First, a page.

In the video below, Fool contributor Daniel Sparks gets some hands-on time with Tesla's (NASDAQ:TSLA) autopilot to see just how far technology has really come. Does Tesla's progress toward assisted driving to-date give him confidence the company will truly be producing fully electric cars that can drive themselves across the country in just two to three years?

Transcript (edited for formatting):

Tesla vehicles will drive themselves in about two years -- at least that's what Tesla CEO Elon Musk asserted earlier this month when he announced a software update for its vehicles that included an ability called Tesla Summon, which allows its cars to pull in and out of garages without a driver -- an aspect of Summon Musk said is just a "baby step" compared to what's to come for the feature.

So, what's ahead for Tesla Summon?

Tesla's timeline for autonomy
He says owners will be able to summon their cars from anywhere there's a land bridge -- anywhere their cars can physically get to them. The timeline for this bold prediction? Just two years, he says.

Tesla owners can summon their vehicles in and out of garages from their phone or their key fob. Image source: Tesla Motors.

Going a step further, Tesla said in a blog post about this new feature that vehicles will eventually be able to drive themselves across the country to meet their owners, charging themselves along the way.

To be fair, in Musk's Q&A with press, the CEO did note he may be "slightly optimistic" about this timeline for autonomous driving and proceeded to offer a broader timeframe of about 24 to 36 months.

This is still a bold prediction.

Tesla can back its optimistic vision for autonomous driving with some substance. The company's autopilot technology has progressed very rapidly, catapulting the company from no autopilot features in 2014 to industry-leading technology today.

Of all the safety and convenience features Musk promised in 2014, when the company first announced autopilot, including automatic steering on the highway, automatic parking, and even automatic lane changes, the company has now followed up with an software update for almost every feature.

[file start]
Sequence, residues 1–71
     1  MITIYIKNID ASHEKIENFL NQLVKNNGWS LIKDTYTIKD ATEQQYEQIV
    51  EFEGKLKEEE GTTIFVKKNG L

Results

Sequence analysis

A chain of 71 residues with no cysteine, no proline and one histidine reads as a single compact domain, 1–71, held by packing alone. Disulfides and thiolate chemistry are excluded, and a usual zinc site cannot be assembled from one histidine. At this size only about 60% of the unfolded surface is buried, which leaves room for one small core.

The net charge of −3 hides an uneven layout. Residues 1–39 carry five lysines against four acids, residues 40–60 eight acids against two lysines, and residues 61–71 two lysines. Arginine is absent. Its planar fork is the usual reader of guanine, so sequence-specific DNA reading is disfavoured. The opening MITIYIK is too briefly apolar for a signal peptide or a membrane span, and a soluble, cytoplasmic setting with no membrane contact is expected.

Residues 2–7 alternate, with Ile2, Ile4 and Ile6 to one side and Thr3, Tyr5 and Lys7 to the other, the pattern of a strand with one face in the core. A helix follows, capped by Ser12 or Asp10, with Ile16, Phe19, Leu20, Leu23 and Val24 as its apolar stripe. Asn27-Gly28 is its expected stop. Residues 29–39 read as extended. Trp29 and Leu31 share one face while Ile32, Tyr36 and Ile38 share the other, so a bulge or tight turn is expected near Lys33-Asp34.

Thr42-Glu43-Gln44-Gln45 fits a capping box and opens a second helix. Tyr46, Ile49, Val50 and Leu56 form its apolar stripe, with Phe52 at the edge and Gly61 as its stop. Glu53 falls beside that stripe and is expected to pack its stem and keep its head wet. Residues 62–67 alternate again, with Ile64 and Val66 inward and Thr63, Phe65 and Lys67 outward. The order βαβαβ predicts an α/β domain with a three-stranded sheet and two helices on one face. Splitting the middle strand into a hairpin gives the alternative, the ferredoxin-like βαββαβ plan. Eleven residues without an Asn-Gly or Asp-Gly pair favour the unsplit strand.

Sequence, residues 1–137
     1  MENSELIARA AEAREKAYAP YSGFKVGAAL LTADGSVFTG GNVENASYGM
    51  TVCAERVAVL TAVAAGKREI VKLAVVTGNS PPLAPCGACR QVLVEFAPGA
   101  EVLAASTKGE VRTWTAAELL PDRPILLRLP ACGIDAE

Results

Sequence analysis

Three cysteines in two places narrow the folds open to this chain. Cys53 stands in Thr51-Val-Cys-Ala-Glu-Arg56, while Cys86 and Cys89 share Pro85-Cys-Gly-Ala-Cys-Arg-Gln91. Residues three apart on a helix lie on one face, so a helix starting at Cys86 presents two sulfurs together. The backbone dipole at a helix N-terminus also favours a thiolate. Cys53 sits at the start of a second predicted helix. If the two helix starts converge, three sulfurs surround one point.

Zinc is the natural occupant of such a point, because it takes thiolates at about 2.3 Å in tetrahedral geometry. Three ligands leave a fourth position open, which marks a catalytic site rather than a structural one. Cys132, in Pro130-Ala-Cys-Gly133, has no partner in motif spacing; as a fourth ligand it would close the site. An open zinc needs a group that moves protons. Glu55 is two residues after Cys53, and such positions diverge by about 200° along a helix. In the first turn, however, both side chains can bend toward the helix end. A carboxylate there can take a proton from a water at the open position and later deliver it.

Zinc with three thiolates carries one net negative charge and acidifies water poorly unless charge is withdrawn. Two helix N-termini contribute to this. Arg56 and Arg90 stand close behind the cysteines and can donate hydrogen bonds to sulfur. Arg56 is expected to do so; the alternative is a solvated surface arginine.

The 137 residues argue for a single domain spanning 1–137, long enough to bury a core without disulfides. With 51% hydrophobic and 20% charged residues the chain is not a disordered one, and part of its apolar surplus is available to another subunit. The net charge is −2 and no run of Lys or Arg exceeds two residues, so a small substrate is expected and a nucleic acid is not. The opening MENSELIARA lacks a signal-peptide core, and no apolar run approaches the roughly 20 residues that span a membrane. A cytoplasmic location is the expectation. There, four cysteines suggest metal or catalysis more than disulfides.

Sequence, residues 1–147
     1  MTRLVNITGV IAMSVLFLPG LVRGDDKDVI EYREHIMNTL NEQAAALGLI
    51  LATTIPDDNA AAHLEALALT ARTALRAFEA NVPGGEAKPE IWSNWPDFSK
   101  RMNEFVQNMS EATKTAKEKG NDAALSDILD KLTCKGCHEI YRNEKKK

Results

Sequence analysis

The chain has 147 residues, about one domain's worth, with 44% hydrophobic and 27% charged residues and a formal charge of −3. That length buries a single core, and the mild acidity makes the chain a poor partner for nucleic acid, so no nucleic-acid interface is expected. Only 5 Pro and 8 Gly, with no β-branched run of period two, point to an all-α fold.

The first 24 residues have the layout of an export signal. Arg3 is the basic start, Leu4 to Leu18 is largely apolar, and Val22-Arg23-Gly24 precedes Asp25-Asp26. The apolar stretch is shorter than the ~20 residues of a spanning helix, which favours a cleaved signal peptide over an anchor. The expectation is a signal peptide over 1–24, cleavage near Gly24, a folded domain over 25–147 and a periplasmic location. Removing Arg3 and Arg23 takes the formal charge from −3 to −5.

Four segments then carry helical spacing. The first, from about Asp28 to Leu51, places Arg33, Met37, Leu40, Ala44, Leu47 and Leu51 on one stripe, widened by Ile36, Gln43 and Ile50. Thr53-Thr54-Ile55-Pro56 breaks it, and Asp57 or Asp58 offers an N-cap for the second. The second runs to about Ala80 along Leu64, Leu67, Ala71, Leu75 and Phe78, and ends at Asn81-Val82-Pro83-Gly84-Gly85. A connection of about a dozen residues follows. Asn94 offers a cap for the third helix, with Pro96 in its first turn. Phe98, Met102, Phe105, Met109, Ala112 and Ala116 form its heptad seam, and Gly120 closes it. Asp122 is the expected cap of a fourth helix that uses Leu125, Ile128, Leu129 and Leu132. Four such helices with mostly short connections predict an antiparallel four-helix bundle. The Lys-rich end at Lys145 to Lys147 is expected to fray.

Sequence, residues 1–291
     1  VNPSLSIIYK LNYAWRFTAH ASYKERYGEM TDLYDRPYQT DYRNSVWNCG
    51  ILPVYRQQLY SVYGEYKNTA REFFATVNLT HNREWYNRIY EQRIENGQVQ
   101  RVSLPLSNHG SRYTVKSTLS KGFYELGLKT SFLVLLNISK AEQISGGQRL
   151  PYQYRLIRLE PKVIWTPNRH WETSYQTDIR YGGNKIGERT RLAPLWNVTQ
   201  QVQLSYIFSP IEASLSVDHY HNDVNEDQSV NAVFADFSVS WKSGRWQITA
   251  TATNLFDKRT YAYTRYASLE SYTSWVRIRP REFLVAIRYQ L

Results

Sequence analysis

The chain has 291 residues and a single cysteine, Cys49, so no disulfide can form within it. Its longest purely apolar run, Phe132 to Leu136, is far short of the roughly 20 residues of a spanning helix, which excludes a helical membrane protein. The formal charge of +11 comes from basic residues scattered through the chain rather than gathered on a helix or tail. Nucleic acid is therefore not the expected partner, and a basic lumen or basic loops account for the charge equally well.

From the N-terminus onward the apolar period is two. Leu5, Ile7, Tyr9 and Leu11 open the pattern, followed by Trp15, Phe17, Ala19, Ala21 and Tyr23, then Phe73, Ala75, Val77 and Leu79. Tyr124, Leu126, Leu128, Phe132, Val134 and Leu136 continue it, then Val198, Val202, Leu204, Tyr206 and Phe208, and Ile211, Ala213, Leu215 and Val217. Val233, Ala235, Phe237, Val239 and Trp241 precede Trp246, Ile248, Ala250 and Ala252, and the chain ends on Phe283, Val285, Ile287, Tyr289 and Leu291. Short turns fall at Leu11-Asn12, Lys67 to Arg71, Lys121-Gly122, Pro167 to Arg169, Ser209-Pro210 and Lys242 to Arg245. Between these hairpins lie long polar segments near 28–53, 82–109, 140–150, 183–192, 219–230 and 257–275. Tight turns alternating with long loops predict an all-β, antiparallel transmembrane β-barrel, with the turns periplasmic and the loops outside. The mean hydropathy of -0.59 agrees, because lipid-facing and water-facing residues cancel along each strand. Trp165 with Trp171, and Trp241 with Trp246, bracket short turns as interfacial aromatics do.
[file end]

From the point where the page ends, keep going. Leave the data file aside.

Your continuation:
Previewing Tesla's autopilot aspirations
I wanted to see for myself just how far the company really has come with autopilot. Of course, there's no better way to do this than to get your hands on one of Tesla's fully loaded Model S cars -- and that's exactly what I did.

Author tests auto park.

After spending time with the car and the latest Autopilot technology, it was clear from the beginning that these "beta" features are already very polished.

I was able to navigate easily on the highway without turning the wheel or using my feet, the summon feature worked as was intended to when parking in garages, and Autopark was spot on.

But even after this experience, I'm still having trouble imagining the technology at its current state having enough redundancies built in to be able to navigate the challenges that come with driving off of the highway, such as traffic lights, pedestrians, and road construction. This is probably why Musk mentioned in Tesla's recent Q&A with press that the company is already working on a next generation of autopilot hardware with more sensors built in.

Still, the technology was impressive enough for me to at least think it's possible for Tesla to really introduce vehicles that can drive themselves across the country in two to three years.

Will regulation move as fast as technology? That's a whole different story. But Tesla's rapid progress with autopilot to date definitely has me thinking autonomous driving could come sooner than we thought.

This article represents the opinion of the writer, who may disagree with the “official” recommendation position of a Motley Fool premium advisory service. We’re motley! Questioning an investing thesis -- even one of our own -- helps us all think critically about investing and make decisions that help us become smarter, happier, and richer.